It was now day twelve (Saturday 17th April 2021) and our planned final day of the trip. We planned on doing two park activations on the way home, and had a list of possible parks, but hadn’t decided on which ones.
After breakfast at one of the local cafes consisting of a bacon & egg roll and coffee, we had a bit of a drive around Robinvale.
Robinvale is the sister town with Villers-Bretonneux in France. This proud link dates back to the First World War when Lieutenant George Robin Cuttle was killed in air combat over Caix, near the village of Villers-Bretonneux in France. Cuttle was the son of Robinvale’s founding family, Herbert and Margaret Cuttle. In memory of their son, the Cuttle’s renamed their new settlement on the Murray, Robinvale (vale Robin).
The town of Robinvale and Villers-Bretonneux are of similar size and they both rely on horticulture as their principle ecomonic income.
In the main square/park of Robinvale you can find Caix Square and the Robinvale Memorial Arch and the Villers Bretonneux Walk. The arch was opened in 1985 by Madame Huguette Pillon. The bell which can be found at the top of the arch is from the Victoria College at Villers-Bretonneaux. It was presented to the people of Robinvale at the ‘twinning’ ceremony in Villers-Bretonneaux on the 5th May 1984.
We then visited the Robinvale Regional War Memorial. What an amazing spot for such a little town. The park features a magnificent ‘Rising Sun’, various information boards, a Howitzer, and the propellor from a de Havilland A4 DHC Caribou.
There is an excellent website which contains numerous photos and video on the creation of the War Memorial. It can be found at…..
We then visited the Big Windmill, which is reported to be the largest windmill in the southern hemisphere. It was originally owned by the State Rivers & Water Supply Commission and was used to supply water to Robinvale. In 1961 it was purchased by William ‘Bill’ McGinty when no longer required by the Water Supply Commission. McGinty intended constructing a motel on the site, however approval was not gained. He donated the windmill to the Robinvale and District Lions Club in 1989.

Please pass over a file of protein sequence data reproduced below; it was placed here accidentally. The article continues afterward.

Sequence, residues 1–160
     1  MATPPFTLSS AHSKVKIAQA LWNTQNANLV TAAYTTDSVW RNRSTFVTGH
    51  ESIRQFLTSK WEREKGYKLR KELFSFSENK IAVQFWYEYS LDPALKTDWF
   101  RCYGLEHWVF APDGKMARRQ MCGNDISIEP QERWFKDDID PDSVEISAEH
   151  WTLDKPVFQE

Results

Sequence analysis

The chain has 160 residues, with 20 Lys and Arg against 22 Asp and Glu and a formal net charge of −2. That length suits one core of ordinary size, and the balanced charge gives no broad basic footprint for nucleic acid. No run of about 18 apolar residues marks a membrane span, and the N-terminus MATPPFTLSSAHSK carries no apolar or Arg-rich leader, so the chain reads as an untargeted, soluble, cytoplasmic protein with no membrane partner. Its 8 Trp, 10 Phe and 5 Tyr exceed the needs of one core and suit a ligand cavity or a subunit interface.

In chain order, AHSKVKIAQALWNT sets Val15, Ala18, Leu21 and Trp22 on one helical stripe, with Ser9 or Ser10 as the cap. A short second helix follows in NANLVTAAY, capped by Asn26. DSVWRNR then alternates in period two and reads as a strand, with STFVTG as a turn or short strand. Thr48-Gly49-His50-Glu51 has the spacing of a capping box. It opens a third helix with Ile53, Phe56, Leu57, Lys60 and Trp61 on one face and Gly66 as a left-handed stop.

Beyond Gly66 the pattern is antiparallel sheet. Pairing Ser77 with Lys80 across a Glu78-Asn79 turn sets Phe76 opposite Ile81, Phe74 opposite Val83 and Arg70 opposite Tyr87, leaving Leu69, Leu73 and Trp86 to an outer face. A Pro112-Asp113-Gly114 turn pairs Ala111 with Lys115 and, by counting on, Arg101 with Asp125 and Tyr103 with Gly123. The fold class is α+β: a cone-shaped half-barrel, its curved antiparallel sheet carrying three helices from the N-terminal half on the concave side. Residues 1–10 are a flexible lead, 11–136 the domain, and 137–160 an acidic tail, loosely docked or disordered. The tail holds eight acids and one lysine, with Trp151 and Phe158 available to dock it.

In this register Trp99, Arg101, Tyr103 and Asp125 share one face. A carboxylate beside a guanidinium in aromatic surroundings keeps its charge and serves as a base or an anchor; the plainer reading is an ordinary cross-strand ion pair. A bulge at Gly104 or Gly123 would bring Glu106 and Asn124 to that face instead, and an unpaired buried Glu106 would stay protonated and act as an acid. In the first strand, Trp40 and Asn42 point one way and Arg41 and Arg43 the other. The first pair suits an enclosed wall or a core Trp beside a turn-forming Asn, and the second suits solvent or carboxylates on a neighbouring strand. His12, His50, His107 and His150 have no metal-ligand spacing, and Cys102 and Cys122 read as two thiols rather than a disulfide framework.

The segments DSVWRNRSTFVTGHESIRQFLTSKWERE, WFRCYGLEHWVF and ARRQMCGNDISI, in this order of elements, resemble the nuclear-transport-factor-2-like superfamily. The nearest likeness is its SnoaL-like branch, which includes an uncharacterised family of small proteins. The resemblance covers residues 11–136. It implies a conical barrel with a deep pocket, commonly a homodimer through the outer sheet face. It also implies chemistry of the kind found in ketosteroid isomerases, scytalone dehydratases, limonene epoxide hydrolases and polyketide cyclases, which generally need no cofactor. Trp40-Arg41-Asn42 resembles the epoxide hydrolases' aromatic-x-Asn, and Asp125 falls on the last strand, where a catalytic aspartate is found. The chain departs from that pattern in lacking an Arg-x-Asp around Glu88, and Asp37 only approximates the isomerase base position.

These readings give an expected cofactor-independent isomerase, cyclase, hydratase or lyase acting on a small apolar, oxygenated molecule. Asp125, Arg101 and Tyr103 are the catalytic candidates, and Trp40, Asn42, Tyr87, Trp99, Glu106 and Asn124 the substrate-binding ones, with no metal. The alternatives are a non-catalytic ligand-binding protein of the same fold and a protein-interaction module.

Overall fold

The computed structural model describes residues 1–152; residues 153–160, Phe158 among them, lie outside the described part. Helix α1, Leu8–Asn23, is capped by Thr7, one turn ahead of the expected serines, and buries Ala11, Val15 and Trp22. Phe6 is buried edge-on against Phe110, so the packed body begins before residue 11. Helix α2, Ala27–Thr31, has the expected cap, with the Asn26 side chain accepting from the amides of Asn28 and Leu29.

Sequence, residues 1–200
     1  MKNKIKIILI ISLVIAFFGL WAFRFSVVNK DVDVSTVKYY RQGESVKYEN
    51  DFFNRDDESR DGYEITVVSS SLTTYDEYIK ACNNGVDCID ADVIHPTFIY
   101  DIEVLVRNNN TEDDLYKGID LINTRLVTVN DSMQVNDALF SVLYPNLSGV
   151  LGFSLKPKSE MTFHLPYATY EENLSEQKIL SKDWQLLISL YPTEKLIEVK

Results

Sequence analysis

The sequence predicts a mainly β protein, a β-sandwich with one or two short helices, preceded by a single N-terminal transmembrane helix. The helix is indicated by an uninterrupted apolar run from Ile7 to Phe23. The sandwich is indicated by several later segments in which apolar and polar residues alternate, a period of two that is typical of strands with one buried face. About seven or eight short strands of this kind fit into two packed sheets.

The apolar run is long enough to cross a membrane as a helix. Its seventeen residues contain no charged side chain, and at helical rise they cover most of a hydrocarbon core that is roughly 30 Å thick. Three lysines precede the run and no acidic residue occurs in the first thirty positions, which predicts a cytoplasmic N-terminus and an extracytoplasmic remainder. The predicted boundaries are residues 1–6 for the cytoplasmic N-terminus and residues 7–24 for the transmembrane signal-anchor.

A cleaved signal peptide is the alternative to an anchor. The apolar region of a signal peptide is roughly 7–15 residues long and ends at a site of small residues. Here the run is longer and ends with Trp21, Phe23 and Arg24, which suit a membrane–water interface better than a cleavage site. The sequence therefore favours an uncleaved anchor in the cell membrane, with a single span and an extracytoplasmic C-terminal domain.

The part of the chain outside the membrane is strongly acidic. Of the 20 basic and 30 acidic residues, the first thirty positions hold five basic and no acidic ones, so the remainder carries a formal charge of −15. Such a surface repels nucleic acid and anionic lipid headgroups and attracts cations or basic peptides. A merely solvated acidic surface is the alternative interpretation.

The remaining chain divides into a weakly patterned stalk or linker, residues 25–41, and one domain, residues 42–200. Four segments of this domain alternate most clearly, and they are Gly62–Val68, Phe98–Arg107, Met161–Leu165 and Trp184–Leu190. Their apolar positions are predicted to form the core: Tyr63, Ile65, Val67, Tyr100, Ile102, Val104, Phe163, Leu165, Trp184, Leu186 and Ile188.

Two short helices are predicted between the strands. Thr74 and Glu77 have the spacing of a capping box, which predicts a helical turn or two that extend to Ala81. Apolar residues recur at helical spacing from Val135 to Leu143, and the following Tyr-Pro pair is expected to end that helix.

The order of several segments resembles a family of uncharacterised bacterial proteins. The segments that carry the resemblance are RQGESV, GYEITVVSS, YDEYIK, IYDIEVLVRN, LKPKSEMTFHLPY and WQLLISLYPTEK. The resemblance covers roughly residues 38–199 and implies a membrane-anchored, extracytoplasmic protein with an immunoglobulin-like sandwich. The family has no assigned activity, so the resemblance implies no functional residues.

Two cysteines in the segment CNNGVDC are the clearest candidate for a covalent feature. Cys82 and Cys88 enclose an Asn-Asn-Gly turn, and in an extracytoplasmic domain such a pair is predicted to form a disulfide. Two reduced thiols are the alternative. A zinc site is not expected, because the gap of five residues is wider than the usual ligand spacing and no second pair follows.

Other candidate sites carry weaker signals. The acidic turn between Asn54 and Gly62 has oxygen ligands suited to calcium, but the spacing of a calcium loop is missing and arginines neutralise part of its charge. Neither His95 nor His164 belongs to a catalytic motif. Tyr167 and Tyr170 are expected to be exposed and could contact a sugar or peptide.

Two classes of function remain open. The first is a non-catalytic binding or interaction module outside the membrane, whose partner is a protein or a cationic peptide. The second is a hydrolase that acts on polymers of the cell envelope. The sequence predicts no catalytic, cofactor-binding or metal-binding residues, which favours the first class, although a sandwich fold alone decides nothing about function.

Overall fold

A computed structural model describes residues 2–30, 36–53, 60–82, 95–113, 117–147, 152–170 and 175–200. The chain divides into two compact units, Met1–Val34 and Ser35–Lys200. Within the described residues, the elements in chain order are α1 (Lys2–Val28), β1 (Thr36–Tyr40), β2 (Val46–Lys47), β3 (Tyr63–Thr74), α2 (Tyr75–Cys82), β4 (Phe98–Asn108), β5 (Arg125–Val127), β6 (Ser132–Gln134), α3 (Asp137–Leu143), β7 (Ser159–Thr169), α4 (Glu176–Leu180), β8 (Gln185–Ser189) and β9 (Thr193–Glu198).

Our next stop was the historic ‘Robinswood’ homestead at Robinvale. In 1919 Herbert ‘Bert’ Cuttle and his wife Margaret brought the square mile of freehold of Bum Bang Station. The Cuttles envisages a township and had architects plan for a town and also their retirement home, here on the site of Bum Bang Station. On the 23rd day of October 1924, the township blocks were sold by auction and the town of Robinvale received its name. In 1926, Robinswood was built and the pioneers of Robinvale, Herbert and Margate Cuttle, resided here until their deaths.
We then drove a short distance to have a look at ‘The Cut’. It is located in Victorian waters and forms Bum Bang Island by linking two closely located points of the Murray River. The Cut used to go dry regularly before the Lock, located downstream was completed in 1936.
Bert Cuttle ran sheep on Bum Bang Island and one of his workers would drive across in a T-model Ford when it was dry. Cuttle bought a launch and two barges from the Lock clearing sale, which were used to put sheep on and off the island. During the 1939 flood, one barge broke away and it ended up on the New South Wales corner.
The Cut was also a good place for spearing Murray Crayfish at night with the use of a kerosene lantern, which would attract the Crayfish and make them easily identifiable.
Several swimmers have drowned at The Cut due to strong currents caused by a drop in water levels from about 1.2 metres at the exit of The Cut to 9 metres in the Murray River.
Our next little stop was the old Span Life bridge at Robinvale. The bridge was part of the complex of bridges for the crossing of the Murray River and the flood plains between Robinvale and east of Euston.